It is a landmark event, no doubt. But if you look beyond the event, it gives us a very important capability. It gives us physical access to another planetary body. The fact that we are only among a handful of countries with this capability means we are at the forefront of this technology. And therefore, we will be part of all decision-making related to future planetary explorations and even extraction of resources from space. We are naturally part of the club that formulates these policies.
And this is significant, because in the past we have suffered by being kept out of such clubs. We have been denied access to technology — in atomic energy, in space, and other critical areas. We were kept out because we did not have our own capabilities and were, in some ways, dependent. Of course, that has changed over the years and is rapidly changing as India transitions from a developing country to a developed one.
Space capabilities will occupy a central place in deciding the equations between countries in the 21st century, and the influence they have in international community. The important thing is that we should be able to participate and contribute on equal terms. And we should be able to play a more decisive role in space-related international decision-making processes. Chandrayaan-3 gives us that confidence and capability.
What does it do for ISRO?
Chandrayaan-3 demonstrates a full-fledged planetary exploration strategy. What this means is that ISRO has demonstrated its ability to take the satellite right to the vicinity of a planet, or the Moon, allow it to go around the Moon and make sure that we understand its environment and surface by photography or other means, and then lastly the ability to land on the Moon. So, for the first time, we have a direct physical access to the Moon, which has its own set of very important implications with respect to the future of exploration and exploitation of resources. It becomes a total story in terms of planetary exploration strategy.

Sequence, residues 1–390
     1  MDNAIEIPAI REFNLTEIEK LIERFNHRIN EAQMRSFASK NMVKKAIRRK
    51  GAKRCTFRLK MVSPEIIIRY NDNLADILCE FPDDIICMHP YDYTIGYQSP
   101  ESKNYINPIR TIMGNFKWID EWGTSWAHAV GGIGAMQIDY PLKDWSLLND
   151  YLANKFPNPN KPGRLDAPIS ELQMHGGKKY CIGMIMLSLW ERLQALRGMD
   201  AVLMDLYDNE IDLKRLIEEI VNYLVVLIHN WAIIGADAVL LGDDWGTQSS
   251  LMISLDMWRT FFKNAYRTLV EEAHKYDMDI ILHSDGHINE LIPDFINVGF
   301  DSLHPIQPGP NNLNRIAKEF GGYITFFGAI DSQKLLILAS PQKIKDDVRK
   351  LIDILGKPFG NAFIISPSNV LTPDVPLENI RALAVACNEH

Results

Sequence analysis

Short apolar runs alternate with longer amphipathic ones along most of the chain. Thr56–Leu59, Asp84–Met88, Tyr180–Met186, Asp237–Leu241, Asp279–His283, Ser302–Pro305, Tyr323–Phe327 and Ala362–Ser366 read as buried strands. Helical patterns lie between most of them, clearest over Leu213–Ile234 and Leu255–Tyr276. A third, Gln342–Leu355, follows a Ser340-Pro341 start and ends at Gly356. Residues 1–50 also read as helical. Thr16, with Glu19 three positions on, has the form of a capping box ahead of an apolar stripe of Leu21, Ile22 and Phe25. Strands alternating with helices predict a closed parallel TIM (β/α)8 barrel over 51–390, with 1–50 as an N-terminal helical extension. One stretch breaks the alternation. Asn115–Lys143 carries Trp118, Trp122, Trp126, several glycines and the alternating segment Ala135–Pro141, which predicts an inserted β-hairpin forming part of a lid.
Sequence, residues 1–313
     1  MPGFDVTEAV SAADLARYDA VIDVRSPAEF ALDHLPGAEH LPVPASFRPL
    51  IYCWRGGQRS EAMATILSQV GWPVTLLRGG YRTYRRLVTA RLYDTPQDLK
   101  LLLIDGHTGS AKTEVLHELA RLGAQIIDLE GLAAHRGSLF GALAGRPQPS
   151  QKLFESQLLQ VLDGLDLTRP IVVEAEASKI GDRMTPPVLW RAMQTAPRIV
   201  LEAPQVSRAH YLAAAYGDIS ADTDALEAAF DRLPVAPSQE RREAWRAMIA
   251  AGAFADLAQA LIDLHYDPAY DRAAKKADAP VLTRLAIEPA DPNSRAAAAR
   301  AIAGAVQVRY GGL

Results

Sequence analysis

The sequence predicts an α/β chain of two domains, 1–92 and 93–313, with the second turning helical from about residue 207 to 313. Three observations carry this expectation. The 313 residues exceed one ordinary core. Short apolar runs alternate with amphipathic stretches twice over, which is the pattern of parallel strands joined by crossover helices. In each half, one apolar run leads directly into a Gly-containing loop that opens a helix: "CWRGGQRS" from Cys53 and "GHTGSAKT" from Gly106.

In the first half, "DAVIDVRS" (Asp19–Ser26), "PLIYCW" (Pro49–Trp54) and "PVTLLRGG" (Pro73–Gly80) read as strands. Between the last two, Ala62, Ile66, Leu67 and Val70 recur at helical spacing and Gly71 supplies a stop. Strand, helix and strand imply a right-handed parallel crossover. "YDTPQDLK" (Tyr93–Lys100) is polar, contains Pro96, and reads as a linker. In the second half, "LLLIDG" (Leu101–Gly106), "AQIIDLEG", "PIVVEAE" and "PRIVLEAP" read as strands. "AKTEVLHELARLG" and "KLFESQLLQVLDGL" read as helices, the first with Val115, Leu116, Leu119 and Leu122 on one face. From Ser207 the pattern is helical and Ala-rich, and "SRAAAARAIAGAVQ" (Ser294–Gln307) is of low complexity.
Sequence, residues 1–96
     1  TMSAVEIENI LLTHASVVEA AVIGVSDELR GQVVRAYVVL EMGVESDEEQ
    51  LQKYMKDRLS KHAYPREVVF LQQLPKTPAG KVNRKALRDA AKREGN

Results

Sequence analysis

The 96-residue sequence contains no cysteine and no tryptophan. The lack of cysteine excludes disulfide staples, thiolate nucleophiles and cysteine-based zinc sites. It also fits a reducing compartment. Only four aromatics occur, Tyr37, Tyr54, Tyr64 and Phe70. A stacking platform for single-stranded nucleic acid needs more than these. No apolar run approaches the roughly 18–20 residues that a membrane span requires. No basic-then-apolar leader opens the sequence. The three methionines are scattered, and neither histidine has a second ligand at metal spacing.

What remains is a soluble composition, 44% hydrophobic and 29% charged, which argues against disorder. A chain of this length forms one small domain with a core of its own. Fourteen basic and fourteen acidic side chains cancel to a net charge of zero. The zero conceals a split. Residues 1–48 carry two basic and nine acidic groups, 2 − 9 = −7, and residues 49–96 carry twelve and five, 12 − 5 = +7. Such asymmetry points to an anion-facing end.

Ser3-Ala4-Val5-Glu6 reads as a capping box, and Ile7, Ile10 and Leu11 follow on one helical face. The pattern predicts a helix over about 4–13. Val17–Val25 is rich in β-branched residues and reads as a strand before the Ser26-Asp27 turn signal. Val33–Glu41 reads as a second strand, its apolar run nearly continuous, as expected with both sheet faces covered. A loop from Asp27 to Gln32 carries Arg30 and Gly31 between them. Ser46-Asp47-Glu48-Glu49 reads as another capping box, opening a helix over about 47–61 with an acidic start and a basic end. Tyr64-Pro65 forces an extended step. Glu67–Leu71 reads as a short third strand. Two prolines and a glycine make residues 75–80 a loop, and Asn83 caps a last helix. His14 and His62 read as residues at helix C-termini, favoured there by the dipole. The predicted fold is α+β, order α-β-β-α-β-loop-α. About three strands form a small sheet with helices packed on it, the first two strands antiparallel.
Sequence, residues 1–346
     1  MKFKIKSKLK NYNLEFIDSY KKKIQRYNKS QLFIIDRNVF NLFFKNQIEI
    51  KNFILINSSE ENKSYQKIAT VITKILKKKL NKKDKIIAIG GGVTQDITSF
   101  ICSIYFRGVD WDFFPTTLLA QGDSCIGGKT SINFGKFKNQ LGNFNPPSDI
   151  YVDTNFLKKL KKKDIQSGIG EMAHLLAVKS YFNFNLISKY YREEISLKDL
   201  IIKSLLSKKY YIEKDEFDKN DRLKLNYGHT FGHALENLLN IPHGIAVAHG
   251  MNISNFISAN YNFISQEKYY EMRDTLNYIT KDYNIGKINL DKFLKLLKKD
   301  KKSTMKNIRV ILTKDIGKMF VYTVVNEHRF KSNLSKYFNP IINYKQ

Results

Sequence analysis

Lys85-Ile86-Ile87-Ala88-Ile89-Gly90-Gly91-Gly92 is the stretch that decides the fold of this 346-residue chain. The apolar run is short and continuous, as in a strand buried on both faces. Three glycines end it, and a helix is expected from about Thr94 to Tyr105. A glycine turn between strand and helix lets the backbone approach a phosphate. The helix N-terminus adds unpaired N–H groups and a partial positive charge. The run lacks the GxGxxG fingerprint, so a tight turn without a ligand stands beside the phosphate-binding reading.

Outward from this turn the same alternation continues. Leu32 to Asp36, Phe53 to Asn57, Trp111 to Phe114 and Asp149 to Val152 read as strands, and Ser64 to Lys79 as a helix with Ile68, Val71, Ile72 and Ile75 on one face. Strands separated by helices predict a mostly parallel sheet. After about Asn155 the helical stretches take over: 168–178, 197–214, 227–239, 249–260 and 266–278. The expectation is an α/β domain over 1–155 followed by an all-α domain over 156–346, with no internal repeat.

The one remaining step, of course, is to get a mission to return to earth, and we are already working on that. Gaganyaan (the human spaceflight programme) would demonstrate that capability too.
I think Chandrayaan-3 has established India’s credentials as a serious player in planetary exploration. This century is going to be about solar system exploration.
ISRO’s visionary leader Vikram Sarabhai is often quoted as saying that he did not have the “fantasy” of competing in the exploration of the Moon or other planets, or in manned space flights, and would rather see ISRO working for the benefits of the common man. Is ISRO now diverging from Sarabhai’s vision?
Its good that you asked. Let me give a little bit of context. It is true that Sarabhai saw space technologies as a tool to fulfil India’s developmental requirements. He was of the view that in a developing country like India, space technology could ensure optimal utilisation and management of the limited resources. He used to forcefully argue that timely, accurate and precise information about our critical resources was essential. We had primitive communication systems at the time. We needed massive improvements in education and health systems. We needed good information in meteorology which could predict rains so that we could plan our agricultural activities. With his passionate advocacy, he managed to convince the government to invest in space technology.
And, thus India became the only country — probably Japan was another — to start a space programme with an entirely peaceful approach to uses of space technology, and focussed totally on developmental needs. The two principal space powers at that time, the US and the erstwhile USSR, were using space as an extension of the Cold War. Sarabhai unfortunately died in 1971 but all his successors at ISRO, Prof MGK Menon, Satish Dhawan and U R Rao, continued to work on his vision. ISRO built capabilities in remote sensing, communication, broadcasting, meteorology, earth observation, satellite technologies.